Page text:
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Effects of a Metabotropic Glutamate 1 Receptor Antagonist on Light Responses of Retinal Ganglion Cells in a Rat Model of Retinitis Pigmentosa

Effects of a Metabotropic Glutamate 1 Receptor Antagonist on Light Responses of Retinal Ganglion Cells in a Rat Model of Retinitis Pigmentosa

  • Ralph J. Jensen
PLOS
x
  • Published: October 28, 2013
  • DOI: 10.1371/journal.pone.0079126

Abstract

Background

Retinitis pigmentosa (RP) is a progressive retinal degenerative disease that causes deterioration of rod and cone photoreceptors. A well-studied animal model of RP is the transgenic P23H rat, which carries a mutation in the rhodopsin gene. Previously, I reported that blocking retinal GABAC receptors in the P23H rat increases light responsiveness of retinal ganglion cells (RGCs). Because activation of metabotropic glutamate 1 (mGlu1) receptors may enhance the release of GABA onto GABAC receptors, I examined the possibility that blocking retinal mGlu1 receptors might in itself increase light responsiveness of RGCs in the P23H rat.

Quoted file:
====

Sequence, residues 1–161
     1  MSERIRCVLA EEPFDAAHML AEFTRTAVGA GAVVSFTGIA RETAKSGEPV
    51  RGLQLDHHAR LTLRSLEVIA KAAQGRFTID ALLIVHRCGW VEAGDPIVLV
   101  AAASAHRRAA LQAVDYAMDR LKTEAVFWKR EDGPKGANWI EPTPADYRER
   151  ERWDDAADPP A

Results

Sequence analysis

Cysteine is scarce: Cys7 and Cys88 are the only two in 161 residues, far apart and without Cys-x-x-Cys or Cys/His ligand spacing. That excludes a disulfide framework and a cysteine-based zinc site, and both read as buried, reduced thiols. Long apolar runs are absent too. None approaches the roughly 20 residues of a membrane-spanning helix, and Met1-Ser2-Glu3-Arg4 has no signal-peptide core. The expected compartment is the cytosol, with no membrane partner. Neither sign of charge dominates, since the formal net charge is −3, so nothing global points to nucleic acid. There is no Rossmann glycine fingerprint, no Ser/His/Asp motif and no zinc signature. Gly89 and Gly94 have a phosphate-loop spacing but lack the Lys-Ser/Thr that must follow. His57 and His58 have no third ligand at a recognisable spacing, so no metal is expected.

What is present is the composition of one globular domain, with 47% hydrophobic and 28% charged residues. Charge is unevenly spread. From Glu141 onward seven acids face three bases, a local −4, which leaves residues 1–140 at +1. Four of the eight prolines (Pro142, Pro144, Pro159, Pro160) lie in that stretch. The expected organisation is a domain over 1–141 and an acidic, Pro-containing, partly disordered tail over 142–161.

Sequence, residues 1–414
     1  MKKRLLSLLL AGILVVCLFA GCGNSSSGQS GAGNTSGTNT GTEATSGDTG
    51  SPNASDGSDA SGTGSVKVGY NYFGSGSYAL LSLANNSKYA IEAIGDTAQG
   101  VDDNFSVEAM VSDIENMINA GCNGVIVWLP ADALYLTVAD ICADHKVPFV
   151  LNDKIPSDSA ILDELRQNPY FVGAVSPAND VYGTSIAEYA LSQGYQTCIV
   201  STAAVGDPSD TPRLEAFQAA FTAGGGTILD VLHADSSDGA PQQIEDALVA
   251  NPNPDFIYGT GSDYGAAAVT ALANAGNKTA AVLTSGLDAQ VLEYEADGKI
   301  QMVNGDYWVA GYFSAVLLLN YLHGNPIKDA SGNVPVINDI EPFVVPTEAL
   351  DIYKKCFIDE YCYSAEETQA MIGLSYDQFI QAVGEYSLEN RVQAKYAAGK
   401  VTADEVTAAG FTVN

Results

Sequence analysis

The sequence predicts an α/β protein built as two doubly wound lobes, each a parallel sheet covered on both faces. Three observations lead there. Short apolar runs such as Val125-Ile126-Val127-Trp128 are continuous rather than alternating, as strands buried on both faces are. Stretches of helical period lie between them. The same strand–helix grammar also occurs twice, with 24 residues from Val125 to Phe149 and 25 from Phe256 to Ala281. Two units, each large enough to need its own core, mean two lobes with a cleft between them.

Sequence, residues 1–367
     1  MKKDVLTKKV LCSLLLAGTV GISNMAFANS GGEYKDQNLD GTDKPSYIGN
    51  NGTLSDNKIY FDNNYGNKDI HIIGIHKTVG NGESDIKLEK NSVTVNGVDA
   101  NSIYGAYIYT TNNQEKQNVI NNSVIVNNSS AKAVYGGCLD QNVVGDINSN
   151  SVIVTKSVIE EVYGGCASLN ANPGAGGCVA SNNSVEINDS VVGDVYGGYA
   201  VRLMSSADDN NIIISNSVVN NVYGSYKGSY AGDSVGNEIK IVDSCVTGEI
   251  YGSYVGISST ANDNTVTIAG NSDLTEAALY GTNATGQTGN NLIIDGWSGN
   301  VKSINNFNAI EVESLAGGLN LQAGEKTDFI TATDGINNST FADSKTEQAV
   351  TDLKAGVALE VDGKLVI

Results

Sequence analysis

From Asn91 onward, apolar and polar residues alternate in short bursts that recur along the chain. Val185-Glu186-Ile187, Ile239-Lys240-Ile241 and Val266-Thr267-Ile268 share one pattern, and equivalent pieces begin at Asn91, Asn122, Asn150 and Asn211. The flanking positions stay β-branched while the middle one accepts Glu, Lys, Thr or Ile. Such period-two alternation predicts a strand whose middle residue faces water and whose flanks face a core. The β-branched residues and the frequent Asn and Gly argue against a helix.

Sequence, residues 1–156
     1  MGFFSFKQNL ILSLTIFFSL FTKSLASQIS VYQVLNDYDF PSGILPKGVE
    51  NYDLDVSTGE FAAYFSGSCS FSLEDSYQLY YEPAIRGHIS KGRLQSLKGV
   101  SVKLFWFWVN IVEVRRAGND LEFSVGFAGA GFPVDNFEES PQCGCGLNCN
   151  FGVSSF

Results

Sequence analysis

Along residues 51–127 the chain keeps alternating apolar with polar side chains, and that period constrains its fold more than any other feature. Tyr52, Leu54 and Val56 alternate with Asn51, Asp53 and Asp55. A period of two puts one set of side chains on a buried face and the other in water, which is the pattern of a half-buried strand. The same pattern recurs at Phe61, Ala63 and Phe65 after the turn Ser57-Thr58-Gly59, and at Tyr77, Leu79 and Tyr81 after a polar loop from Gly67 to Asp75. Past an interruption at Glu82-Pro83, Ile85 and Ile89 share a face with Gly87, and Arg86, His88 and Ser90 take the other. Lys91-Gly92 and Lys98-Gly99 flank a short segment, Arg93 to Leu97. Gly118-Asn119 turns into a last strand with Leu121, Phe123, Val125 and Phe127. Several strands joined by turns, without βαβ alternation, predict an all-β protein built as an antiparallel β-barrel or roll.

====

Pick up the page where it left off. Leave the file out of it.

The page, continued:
Methodology/Principal Findings

Electrical recordings were made from RGCs in isolated P23H rat retinas. Spike activity of RGCs was measured in response to brief flashes of light over a range of light intensities. Intensity-response curves were evaluated prior to and during bath application of the mGlu1 receptor antagonist JNJ16259685. I found that JNJ16259685 increased light sensitivity of all ON-center RGCs and most OFF-center RGCs studied. RGCs that were least sensitive to light showed the greatest JNJ16259685-induced increase in light sensitivity. On average, light sensitivity increased in ON-center RGCs by 0.58 log unit and in OFF-center RGCs by 0.13 log unit. JNJ16259685 increased the maximum peak response of ON-center RGCs by 7% but had no significant effect on the maximum peak response of OFF-center RGCs. The effects of JNJ16259685 on ON-center RGCs were occluded by a GABAC receptor antagonist.